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TRADE-OFFS BETWEEN LIFE-HISTORY TRAITS AT RANGE-EDGE AND CENTRAL LOCATIONS

Artikel i vetenskaplig tidskrift
Författare R. Araujo
E. A. Serrao
I. Sousa-Pinto
F. Arenas
C. A. Monteiro
Gunilla B. Toth
Henrik Pavia
Per Åberg
Publicerad i Journal of Phycology
Volym 51
Nummer/häfte 4
Sidor 808-818
ISSN 0022-3646
Publiceringsår 2015
Publicerad vid Institutionen för biologi och miljövetenskap, Tjärnö marinbiologiska laboratorium
Institutionen för biologi och miljövetenskap
Sidor 808-818
Språk en
Länkar dx.doi.org/10.1111/jpy.12321
Ämnesord defence, growth, life-history traits, range-edge populations, reproduction, trade-offs, SEAWEED ASCOPHYLLUM-NODOSUM, REPRODUCTIVE EFFORT, MARGINAL POPULATIONS, STOCHASTIC ENVIRONMENTS, SEXUAL REPRODUCTION, FUCUS-VESICULOSUS, NATURAL-SELECTION, SPATIAL VARIATION, PATELLA-VULGATA, SOUTHERN LIMIT, Plant Sciences, Marine & Freshwater Biology
Ämneskategorier Biologiska vetenskaper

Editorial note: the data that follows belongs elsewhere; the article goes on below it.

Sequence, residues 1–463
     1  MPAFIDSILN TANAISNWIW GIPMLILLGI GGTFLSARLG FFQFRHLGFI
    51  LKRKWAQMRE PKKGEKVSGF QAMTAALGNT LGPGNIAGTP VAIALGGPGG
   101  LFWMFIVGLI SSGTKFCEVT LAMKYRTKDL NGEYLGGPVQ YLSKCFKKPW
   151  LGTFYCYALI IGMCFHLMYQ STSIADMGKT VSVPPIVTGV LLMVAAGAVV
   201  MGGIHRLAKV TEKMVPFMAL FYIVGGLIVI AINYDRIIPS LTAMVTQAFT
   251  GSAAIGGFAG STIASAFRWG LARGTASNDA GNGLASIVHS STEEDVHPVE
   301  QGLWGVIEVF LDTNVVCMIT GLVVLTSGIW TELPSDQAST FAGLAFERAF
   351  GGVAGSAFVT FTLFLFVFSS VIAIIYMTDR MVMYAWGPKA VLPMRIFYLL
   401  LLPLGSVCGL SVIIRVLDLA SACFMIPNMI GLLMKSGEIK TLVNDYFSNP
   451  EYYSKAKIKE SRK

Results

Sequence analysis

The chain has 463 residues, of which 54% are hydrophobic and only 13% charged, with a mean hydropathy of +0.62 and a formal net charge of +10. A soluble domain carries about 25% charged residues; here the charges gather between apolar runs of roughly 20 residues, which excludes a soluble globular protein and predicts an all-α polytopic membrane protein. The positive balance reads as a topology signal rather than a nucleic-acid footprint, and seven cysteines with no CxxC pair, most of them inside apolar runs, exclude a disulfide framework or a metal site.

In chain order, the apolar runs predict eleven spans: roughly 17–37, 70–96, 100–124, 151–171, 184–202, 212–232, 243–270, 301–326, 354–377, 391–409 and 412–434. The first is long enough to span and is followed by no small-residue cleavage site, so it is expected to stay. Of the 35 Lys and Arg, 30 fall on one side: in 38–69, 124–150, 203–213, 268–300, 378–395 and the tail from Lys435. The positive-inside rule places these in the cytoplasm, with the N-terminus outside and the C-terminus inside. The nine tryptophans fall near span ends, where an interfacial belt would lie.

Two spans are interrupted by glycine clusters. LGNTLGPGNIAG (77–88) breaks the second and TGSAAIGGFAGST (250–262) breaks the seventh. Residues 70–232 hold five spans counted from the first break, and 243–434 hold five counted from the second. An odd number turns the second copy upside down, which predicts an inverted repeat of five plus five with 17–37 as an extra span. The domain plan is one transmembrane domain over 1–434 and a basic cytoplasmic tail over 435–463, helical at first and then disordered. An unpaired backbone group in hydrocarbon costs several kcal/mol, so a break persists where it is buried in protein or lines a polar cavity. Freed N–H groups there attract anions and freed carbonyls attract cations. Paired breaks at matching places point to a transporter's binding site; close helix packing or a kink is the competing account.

Sammanfattning

The allocation of resources to different life-history traits should represent the best compromise in fitness investment for organisms in their local environment. When resources are limiting, the investment in a specific trait must carry a cost that is expressed in trade-offs with other traits. In this study, the relative investment in the fitness-related traits, growth, reproduction and defence were compared at central and range-edge locations, using the seaweed Ascophyllum nodosum as a model system. Individual growth rates were similar at both sites, whereas edge populations showed a higher relative investment in reproduction (demonstrated by a higher reproductive allocation and extended reproductive periods) when compared to central populations that invested more in defence. These results show the capability of A. nodosum to differentially allocate resources for different traits under different habitat conditions, suggesting that reproduction and defence have different fitness values under the specific living conditions experienced at edge and central locations. However, ongoing climate change may threaten edge populations by increasing the selective pressure on specific traits, forcing these populations to lower the investment in other traits that are also potentially important for population fitness.

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